My 2020 Huawei Matebook D15 (pictured above) is starting to show its age (yes, a 2020 laptop is already dying in 2022. story of my life), having issues with tasks such as rendering a 2-minute video in 720p or opening more than 8 tabs in Chrome. All of this while praying that the shitty cooling system doesn't decide to make my computer a soldering iron.
So, it's time to find a new laptop, but which one?
Finding a laptop that can replace my current one is, of course, a duty that takes some time where you analyze a bunch of products and wastes time watching paid reviewers.
And due to that, I decided to make a simple set of requirements for my new computer so that it fits my uses.
Laptop/Screen size has to be under 14", 13" models are preferred
The design has to look slick and portable while being powerful enough to be considered a "nomad workstation"
Decent GNU+Linux support
At least 16GB of RAM
Storage must be an SSD with more than 256GB of Storage (NVMe is preffered)
No 2-in-1 Laptops
All laptops must come refurbished or brand new from the manufacturer, so no old Thinkpads that I need to repair on my own.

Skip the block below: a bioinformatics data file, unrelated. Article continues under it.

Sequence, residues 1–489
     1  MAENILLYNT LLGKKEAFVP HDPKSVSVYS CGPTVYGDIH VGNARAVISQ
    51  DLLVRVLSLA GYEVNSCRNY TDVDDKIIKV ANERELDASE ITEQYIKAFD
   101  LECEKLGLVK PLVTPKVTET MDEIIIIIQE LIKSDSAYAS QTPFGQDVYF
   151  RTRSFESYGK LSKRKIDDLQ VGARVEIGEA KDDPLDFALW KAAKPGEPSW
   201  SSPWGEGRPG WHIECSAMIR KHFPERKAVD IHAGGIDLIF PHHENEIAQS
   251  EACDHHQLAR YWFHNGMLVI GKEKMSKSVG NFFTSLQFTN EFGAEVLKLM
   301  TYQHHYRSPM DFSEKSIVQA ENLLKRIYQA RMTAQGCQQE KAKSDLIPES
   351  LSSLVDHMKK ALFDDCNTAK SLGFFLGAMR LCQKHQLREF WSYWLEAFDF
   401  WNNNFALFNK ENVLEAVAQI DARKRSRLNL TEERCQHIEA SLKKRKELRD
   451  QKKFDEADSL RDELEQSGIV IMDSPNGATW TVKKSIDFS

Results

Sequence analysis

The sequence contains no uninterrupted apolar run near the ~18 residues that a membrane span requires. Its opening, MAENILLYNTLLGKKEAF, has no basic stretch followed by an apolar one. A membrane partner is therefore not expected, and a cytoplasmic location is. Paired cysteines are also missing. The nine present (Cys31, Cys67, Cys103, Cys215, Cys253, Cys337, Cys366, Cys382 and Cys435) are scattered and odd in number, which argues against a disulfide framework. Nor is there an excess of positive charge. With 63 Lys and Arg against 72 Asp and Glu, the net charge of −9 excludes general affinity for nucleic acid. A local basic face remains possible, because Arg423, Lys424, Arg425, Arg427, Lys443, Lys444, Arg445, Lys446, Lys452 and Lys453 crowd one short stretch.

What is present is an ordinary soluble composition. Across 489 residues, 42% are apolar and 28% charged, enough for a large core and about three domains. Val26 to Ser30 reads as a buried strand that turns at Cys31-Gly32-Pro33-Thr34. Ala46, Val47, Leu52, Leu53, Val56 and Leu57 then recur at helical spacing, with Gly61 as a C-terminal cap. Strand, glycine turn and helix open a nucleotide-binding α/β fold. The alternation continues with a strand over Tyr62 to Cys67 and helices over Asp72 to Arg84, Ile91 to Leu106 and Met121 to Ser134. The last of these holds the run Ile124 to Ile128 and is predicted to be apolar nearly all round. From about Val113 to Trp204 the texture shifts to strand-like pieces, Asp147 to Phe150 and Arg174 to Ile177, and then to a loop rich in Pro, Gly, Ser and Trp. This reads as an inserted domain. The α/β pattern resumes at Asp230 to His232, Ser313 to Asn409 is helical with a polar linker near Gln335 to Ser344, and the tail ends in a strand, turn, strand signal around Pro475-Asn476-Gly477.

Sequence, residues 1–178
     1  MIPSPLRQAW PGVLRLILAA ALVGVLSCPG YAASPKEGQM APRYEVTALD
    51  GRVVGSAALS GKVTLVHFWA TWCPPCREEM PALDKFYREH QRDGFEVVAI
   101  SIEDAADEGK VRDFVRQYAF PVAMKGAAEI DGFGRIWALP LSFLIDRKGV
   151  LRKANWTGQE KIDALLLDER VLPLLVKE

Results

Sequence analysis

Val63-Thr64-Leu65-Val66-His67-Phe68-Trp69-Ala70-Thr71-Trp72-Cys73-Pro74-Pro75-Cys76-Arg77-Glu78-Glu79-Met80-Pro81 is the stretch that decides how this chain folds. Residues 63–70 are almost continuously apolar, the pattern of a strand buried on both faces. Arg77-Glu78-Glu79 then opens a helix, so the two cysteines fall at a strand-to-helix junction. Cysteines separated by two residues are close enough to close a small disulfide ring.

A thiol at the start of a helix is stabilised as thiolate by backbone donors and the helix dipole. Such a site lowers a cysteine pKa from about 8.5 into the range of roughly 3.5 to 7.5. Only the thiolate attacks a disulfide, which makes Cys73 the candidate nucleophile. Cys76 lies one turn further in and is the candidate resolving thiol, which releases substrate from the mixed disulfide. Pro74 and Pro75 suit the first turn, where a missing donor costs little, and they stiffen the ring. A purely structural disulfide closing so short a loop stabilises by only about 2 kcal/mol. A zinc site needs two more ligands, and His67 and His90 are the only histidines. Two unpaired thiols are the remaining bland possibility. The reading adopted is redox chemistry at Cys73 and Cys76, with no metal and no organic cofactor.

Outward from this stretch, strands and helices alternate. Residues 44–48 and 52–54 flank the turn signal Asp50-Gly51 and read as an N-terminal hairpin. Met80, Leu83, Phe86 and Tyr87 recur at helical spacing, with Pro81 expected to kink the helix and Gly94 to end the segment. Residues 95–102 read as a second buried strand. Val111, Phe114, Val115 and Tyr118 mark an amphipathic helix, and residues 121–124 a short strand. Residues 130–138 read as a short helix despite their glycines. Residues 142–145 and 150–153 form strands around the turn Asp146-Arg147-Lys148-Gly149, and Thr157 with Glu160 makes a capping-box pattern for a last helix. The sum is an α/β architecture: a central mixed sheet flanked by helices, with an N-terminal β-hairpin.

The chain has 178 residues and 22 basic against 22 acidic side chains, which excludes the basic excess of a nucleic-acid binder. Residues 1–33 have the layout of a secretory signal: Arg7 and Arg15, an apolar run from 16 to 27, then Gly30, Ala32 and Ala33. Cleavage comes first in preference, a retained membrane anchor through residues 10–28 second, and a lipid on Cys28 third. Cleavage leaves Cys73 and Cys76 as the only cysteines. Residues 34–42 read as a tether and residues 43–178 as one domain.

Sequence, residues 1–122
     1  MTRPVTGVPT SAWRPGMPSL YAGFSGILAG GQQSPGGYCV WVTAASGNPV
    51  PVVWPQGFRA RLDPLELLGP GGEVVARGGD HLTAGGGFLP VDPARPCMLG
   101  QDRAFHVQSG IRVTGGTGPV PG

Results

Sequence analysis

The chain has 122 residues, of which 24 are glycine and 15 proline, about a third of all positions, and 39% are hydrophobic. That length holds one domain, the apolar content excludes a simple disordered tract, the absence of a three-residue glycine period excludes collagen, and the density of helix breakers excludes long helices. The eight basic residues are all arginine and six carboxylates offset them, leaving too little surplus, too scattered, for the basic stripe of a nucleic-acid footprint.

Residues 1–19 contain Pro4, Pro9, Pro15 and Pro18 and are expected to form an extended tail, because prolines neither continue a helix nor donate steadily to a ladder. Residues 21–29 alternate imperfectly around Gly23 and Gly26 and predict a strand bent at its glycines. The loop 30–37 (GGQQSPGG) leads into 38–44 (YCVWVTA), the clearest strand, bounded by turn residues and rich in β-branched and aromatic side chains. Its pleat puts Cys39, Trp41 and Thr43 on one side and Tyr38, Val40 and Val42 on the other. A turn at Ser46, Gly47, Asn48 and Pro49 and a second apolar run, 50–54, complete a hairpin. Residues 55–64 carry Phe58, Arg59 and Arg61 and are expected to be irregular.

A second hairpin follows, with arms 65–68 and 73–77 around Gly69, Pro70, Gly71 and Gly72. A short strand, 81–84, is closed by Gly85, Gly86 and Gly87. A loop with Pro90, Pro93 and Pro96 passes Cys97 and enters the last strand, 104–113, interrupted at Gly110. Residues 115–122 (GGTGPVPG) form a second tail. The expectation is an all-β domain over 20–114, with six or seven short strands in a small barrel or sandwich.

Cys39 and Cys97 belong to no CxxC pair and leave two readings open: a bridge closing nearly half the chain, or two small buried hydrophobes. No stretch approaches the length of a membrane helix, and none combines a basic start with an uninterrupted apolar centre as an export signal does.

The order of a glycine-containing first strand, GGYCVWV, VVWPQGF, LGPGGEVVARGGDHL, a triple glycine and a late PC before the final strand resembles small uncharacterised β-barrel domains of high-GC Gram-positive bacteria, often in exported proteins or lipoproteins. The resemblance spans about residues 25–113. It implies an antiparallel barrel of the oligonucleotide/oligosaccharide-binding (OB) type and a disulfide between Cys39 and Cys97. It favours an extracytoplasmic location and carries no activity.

With all of these requirements laid out, I've decided to compile a list of possible candidates for my next daily driver for the next 3 to 5 years.
But before I list all of them, I need to layout what practically are shopping guidelines for the list, the layout is the following:
The Razer Blade Stealth is Razer's offer to the business market, the design is sleek and tackles my obsession for unibody matte black designs that ThinkPad's have been on for years.
These are the Blade Stealth's technical specifications (no touch screen model):
This model fits my needs perfectly, it has a nice industrial design that I'm obsessed with and the specs are overall amazing. But I do have some pet peeves with it.
First of all, as I specified on the "standards" above, I'm looking for a laptop with decent Linux support, something that the Blade Stealth doesn't comply with too much due to its inclusion of the GTX 1650 Ti GPU which along with other NVidia products, their drivers on GNU+Linux fucking suck.
Another problem I have with it comes from the brand itself, Razer. Razer is known for making peripherals and hardware with stuff like RGB and Macros, which (normally) have to be controlled with a specialized software made by Razer, Razer does not ship official drivers for GNU+Linux as of 2021. But fortunately, the community got us covered with software like OpenRazer to solve this problem. But alas, this effort and the small issue wouldn't have existed in the first place if Razer supported GNU+Linux. :^).